The facts are pretty simple. US students do not do as well on OECD tests of math, science and reading as their counterparts in other OECD nations. This article describes two explanations for these results. One study used a measure of socioeconomic status in the US and corrected the results for low- achieving students with that measure. This study concluded that the schools in US are doing well when the scores are corrected for socioeconomic status. The head of the OECD testing program found faults with the US study. OECD corrected for socioeconomic status, using a more sophisticated measure of socioeconomic status, and found that US students did less well that low status students in other OECD nations. He pointed out that the US system of funding education with local property taxes is one reason for low test scores in the US. Schools in low income districts receive less funding than schools in rich districts. He also indicated that many countries do a better job of paying and attracting high performing teachers than the US.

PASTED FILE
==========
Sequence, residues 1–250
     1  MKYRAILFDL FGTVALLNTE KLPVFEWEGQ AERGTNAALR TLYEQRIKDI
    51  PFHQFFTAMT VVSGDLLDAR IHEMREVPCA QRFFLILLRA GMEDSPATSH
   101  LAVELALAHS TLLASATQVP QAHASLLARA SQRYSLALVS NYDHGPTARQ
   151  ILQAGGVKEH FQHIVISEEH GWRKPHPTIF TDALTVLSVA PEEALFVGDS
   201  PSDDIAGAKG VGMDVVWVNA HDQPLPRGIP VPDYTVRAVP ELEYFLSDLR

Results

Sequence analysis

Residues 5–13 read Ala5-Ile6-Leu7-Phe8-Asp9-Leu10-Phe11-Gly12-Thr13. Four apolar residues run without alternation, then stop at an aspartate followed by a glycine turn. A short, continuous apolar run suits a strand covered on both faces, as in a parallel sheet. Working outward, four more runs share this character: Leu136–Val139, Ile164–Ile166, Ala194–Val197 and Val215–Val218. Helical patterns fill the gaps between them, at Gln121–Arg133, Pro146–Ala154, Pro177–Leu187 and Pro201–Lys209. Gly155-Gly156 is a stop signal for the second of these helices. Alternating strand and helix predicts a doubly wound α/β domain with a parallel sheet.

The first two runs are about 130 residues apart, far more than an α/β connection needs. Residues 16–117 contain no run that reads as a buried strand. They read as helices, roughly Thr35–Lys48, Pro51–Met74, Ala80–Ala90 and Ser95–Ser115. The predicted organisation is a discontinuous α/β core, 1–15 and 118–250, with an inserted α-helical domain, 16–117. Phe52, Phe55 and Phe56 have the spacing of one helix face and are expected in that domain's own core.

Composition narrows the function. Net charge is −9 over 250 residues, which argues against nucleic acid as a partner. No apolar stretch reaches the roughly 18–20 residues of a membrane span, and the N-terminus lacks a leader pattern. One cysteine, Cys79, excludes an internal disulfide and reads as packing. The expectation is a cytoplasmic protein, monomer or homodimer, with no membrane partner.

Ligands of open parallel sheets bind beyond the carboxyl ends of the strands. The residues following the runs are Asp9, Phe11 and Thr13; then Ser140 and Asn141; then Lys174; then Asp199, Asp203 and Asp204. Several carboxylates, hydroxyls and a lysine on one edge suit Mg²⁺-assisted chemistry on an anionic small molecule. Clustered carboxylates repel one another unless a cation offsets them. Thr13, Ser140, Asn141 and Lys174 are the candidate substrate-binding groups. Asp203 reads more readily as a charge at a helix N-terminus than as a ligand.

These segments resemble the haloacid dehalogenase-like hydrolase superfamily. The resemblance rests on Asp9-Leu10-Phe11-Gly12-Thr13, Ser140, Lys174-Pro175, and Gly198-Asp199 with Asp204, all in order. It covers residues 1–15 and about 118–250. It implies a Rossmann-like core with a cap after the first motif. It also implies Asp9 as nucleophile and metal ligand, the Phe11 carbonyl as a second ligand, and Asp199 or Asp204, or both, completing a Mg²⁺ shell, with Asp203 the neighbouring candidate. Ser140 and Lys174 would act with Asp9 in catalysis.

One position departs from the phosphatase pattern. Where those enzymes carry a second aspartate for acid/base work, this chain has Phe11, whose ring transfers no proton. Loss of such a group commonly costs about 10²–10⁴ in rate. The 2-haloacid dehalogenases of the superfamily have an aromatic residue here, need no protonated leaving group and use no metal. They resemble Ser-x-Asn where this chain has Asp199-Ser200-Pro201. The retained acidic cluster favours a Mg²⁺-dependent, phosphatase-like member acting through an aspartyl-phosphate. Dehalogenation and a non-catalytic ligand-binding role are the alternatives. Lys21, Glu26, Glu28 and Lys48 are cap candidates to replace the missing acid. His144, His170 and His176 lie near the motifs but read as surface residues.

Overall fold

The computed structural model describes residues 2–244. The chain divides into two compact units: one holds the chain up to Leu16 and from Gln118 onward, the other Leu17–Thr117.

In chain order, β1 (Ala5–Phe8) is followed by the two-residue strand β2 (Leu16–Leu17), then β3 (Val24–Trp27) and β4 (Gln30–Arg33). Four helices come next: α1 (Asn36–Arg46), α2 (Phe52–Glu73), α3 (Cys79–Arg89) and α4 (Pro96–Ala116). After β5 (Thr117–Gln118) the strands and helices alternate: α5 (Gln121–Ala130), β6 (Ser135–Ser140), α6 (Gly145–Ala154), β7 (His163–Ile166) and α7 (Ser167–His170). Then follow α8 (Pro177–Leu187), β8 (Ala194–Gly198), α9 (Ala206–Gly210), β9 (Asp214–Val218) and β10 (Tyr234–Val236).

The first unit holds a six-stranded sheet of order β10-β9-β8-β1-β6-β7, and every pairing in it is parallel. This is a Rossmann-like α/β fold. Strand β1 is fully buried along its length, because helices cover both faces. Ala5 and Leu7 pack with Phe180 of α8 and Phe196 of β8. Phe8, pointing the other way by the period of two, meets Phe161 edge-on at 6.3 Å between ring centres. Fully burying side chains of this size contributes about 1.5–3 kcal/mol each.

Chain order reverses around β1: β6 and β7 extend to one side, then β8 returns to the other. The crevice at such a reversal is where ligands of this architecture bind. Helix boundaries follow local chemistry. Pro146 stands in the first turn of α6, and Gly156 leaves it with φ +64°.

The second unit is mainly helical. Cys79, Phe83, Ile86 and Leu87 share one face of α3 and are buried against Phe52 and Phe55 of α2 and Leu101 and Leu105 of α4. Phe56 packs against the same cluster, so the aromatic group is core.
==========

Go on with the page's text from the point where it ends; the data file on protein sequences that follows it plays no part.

I tend to come down on the side of the OECD explanation. Public education is under attack from many directions in the US. It has been more difficult to attract high performing students into teaching given the lack of respect for the teaching profession and the private sector has been successful in increasing its share of the revenues spent on education. Consulting services of questionable value, along with a plethora of standardized testing programs, suck up resources and teacher time. Charter schools, and the use of voucher programs to privatize the schools, has not improved the performance of low achieving school districts. The basic idea behind the privatization program is that government is unable to operate schools as effectively as profit seeking entities. This leads to an erosion of public support for the schools and it polarizes the education system into warring camps. What's happening in the education system is symptomatic of what is happening in the rest of society.